One short spur trail makes all the difference in the Aliso and Wood Canyons Wilderness Park. When I ascended the Wood Creek Trail to get a view of the canyon beyond, I saw that the trail climbed further and then cascaded down in a series of stairs that I thought would take me back to the main trail. Lynn would not be happy with this country, I realized, so I directed her to go back to the Wood Canyon Trail and wait for me at the first sign she found. The trail — marked “easy” on the maps — dropped into a live oak forest along the creek but where was the main route? The path jumped and swerved along the west bank of the creek — which was fed by water from adjacent housing tracts — over three or four bridges until it finally crossed back and rediscovered the road after about half a mile.
Orange County Parks rules by a strange definition of wilderness. There is no buffer between the suburban and the canyon landscapes. Houses encroach on the very fringes of its wilderness parks. The water on which the plants and wildlife depend comes from the runoff of residential irrigation systems. Concrete aprons permit easy fording of streams. Mountain bikers rocket by with the perennial cry of “On your left! On your left!” Rangers patrol in pickups. A dilapidated wooden corral holds the golden grass that the ranchers seeded to overwhelm the bunch grasses and sedges native to these fields.
I say this too often: “They call it the Harding Trail because it is hard.”
The fire road begins at the Tucker Wildlife Sanctuary where you find the only trees that shade the trail during midday in the first five miles. It winds up the foothills that lie between the Santiago Creek watershed and Harding Canyon, sometimes curling like a sidewinder and sometimes vaulting straight like a javelin. I don’t hike it much in the summer because I have already had my encounter with heat exhaustion and it wasn’t fun.
I took a break from Whiting Ranch to explore the season at nearby O’Neill Regional Park, specifically the Live Oak, the Hoffmann Homestead, and the Vista Trails, a lariat that I began at the corner of Meadow Ridge and Chisolm Trail in Mission Viejo. Summer is the season of death here in Orange County. Memorial Day weekend marks the final demise of the foxtail and wild oat grasses. Gone are the Golden Stars, the mustard, and other competitors for the sun of the open range. The country turns resplendent yellow except for dusky patches of sage, toyon, and chamise creating a pattern on the hills.
Vedanta Wilderness, O’Neill Regional Park, California
Few things can be more frustrating that to aim your eye through your camera’s viewfinder and discover that its battery has died just as a brilliant vista comes into view. This happened to me as I surmounted the hill near the Vista Point and looked down on the Live Oak Trail as it plunged down one slope and crawled up the long ridge that rises after the junction with the Coyote Trail. I sighed and contained a tantrum by remembering that I had my Samsung S5 in my pocket. It couldn’t compete with my Nikon, but it was better than nothing.
So many rocks! They seem to have dropped from the sky and landed on the peaks of this narrow trail in Whiting Ranch Wilderness Park. Stones of rust and bruise settled in the depressed center of the trail, some loose, some fixed to the ground. I went down the hills slowly, finding footholds and soft soil where I could, grabbing dead brush where it offered itself. When I could feel steady enough to stand on the declivity, I threw the larger stones off the trail. They landed with a thud or, at one place, a click as they fell onto a rock pile that other hikers had hurled before me.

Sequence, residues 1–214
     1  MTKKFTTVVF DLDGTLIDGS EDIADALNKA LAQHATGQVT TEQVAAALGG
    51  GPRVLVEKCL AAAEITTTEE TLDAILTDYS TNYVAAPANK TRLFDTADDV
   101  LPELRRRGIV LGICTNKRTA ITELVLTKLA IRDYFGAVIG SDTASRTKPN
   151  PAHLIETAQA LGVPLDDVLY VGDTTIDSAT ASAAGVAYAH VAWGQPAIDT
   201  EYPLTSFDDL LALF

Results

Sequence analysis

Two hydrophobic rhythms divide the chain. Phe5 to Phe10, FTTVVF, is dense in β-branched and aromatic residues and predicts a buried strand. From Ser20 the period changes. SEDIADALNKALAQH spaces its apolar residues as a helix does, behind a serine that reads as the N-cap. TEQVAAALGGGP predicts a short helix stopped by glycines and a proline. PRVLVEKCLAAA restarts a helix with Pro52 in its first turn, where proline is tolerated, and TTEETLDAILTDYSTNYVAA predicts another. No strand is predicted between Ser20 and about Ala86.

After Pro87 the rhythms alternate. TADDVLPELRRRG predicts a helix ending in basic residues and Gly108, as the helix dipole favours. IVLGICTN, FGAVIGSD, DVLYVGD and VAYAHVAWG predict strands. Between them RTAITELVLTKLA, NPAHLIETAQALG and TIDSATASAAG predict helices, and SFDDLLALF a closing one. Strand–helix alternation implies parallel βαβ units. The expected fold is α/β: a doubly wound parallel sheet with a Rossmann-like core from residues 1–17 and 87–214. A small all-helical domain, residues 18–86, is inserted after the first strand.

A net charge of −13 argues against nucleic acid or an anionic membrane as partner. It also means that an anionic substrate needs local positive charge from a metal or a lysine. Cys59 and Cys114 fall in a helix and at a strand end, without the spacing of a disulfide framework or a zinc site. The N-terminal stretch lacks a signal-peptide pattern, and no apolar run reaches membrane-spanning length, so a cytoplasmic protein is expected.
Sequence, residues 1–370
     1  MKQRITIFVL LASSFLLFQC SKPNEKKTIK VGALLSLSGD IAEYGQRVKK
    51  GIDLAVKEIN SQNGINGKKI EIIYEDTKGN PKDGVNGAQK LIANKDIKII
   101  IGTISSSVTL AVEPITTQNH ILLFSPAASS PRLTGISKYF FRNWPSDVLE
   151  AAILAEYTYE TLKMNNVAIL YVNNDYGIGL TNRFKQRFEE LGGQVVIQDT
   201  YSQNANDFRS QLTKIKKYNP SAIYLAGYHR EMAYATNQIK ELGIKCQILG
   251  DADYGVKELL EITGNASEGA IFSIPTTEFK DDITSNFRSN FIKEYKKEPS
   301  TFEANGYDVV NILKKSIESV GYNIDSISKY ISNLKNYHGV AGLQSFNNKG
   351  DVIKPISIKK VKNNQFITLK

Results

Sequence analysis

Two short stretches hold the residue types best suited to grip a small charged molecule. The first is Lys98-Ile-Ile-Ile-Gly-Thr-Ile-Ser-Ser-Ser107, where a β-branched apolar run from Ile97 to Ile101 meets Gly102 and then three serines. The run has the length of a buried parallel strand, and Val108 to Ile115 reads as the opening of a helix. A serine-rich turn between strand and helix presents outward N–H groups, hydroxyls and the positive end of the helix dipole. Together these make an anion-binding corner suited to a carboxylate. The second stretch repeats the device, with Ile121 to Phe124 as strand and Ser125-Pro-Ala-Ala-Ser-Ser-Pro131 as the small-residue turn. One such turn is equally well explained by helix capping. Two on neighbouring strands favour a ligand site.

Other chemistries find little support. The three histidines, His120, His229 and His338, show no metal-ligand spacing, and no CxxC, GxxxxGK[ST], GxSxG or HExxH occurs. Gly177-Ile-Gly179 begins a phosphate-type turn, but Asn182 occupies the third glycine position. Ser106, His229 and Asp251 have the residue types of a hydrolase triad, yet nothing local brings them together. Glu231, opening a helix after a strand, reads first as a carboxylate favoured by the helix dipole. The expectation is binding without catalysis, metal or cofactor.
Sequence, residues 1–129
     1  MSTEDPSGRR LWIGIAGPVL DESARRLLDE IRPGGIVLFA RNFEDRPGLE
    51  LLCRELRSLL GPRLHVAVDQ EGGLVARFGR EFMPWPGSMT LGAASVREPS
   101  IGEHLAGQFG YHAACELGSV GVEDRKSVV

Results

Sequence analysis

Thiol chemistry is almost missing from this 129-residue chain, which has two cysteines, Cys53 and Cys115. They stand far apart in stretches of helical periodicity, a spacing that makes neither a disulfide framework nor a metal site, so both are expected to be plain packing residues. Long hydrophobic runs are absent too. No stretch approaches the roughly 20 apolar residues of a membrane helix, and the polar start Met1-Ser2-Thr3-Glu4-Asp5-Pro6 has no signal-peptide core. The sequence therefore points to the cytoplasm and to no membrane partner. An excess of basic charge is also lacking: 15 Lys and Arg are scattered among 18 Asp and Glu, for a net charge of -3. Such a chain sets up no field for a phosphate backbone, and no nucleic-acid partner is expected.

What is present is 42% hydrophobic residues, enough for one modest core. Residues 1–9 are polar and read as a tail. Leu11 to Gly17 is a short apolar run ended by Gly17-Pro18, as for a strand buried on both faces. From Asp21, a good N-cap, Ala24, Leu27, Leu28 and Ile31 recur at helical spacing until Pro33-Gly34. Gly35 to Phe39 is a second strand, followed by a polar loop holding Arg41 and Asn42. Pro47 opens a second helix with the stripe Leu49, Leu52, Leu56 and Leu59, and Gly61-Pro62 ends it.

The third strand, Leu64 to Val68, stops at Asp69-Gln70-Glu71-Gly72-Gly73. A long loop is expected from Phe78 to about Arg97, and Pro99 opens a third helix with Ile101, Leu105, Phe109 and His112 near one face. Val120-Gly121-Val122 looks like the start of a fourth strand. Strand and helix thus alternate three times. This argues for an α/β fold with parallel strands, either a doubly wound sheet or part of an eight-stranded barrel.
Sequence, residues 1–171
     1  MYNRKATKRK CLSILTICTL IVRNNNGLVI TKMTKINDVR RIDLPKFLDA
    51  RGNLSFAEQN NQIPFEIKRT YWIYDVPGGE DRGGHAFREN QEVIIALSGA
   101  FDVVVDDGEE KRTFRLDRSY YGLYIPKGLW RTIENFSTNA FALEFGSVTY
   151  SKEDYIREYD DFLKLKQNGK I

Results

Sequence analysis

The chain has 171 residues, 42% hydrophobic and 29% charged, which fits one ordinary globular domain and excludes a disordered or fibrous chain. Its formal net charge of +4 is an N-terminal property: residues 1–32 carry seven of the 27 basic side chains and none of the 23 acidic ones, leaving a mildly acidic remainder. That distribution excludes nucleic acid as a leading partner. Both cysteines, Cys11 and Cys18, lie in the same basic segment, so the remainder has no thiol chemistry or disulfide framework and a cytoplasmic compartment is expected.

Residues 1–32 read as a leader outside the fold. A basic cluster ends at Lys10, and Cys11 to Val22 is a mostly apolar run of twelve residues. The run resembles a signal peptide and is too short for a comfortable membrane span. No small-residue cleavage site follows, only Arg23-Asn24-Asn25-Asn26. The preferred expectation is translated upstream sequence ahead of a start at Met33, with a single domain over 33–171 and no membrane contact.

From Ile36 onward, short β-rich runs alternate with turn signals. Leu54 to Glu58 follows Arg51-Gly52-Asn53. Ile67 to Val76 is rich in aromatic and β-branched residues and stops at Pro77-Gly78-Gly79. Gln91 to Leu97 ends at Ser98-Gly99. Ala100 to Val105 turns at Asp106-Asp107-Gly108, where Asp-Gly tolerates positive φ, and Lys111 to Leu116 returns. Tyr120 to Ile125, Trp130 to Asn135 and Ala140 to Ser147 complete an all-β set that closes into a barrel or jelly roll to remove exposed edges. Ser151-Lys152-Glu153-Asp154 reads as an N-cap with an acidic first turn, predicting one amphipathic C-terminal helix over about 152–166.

Shade wreaks a weird effect over the meadows along the Borrego Trail: Where the full sun yellows the grass, shadow keeps some patches green for a few more days.
I found few blossoms other than the last vestiges of the spring’s mustard, the gnarled blooms of incipient heartleaf penstemon, and the brash orange flowers of Bush Monkey Flower. The day was hot. The open sun at the end of the trail made me nauseous, but a deep draft from my Camelbak cured me.
The Red Rocks remain the Red Rocks, undulating down a cliff and through a canyon. My companions found it fit to discuss why some of the rocks were red and others were white. I did not take part in these as I did not answer questions about why I enjoyed learning about nature or defend the theory of evolution from a companion who was distressed by the fact that it wasn’t easy to understand. Perhaps I am meant for the silence of places like this, just as I choose to marvel mutely over stick insects that define the case for species change over time.
I don’t think of myself as being all that old — I’m 56 — but it is only been in the last 15 years that I have made an effort to get outside and see where all the skunks and snakes that sneaked into my neighborhood were coming from. Whiting Ranch Wilderness Park lies a block from my home and I can almost throw rocks at the Cleveland National Forest. The land around here is turning brown: it was a splendid spring despite the widely advertised drought. Chaparral Yuccas shot off their flower stalks around April and species such as golden stars, various Mariposa lilies, mustard, black sage, white sage, and the rare fiddleneck sprang up around them.
Now the heat bears down on us — we’ve had a few days of torrid weather reaching 100° F — and all these wonderful blooms wither. I take heart that the hills will turn to golden and the live oaks and sycamores will hold on to their green. Soon I’ll hunt for lemonade berry to suck on.
I hope you will walk with me through these hills and some of the other places that I go. Lynn and I are looking to visit northern Arizona including the Navajo Reservation in the fall, so it won’t be all boring old Southern California back country. Lots of things remain to be seen and done.